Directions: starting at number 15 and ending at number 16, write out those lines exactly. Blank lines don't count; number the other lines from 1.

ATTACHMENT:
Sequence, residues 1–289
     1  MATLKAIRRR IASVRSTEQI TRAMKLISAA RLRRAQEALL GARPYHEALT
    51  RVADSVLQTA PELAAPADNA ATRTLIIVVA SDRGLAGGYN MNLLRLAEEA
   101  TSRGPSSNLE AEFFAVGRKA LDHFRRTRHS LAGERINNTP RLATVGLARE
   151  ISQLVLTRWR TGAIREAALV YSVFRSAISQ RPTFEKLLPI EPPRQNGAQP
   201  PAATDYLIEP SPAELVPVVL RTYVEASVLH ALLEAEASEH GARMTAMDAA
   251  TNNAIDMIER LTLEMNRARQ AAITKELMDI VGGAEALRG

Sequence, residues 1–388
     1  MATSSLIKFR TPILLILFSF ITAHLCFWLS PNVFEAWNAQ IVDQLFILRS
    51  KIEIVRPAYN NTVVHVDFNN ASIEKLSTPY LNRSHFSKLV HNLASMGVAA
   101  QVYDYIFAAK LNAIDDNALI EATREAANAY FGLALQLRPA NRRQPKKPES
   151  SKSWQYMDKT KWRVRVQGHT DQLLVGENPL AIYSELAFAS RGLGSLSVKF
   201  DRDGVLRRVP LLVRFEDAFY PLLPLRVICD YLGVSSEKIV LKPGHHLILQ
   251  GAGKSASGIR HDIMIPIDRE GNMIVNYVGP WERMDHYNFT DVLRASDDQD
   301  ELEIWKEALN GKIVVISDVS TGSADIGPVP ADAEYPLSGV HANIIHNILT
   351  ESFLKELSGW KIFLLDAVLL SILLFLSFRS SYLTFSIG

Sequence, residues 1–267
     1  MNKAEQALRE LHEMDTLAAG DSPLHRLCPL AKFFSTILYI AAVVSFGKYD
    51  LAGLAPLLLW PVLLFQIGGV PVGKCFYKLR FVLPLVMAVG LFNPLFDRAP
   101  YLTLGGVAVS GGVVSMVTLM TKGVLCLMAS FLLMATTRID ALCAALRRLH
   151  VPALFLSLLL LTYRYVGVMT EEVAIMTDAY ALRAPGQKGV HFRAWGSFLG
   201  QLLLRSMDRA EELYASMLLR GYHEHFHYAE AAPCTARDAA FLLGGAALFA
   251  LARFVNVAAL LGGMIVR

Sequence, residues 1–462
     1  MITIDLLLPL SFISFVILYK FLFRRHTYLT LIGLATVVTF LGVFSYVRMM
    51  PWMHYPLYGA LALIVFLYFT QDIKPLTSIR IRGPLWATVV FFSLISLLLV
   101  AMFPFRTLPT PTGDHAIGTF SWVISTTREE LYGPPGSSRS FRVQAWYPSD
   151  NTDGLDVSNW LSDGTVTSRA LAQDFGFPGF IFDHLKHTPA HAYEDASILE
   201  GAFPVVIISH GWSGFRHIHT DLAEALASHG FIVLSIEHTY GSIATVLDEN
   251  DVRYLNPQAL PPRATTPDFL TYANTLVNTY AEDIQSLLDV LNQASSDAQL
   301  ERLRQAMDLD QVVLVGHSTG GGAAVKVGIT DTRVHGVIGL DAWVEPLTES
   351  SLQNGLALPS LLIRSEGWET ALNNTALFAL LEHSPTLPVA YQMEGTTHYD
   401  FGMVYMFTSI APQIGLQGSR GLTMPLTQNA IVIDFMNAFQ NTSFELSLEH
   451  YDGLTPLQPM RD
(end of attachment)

   301  ELEIWKEALN GKIVVISDVS TGSADIGPVP ADAEYPLSGV HANIIHNILT
   351  ESFLKELSGW KIFLLDAVLL SILLFLSFRS SYLTFSIG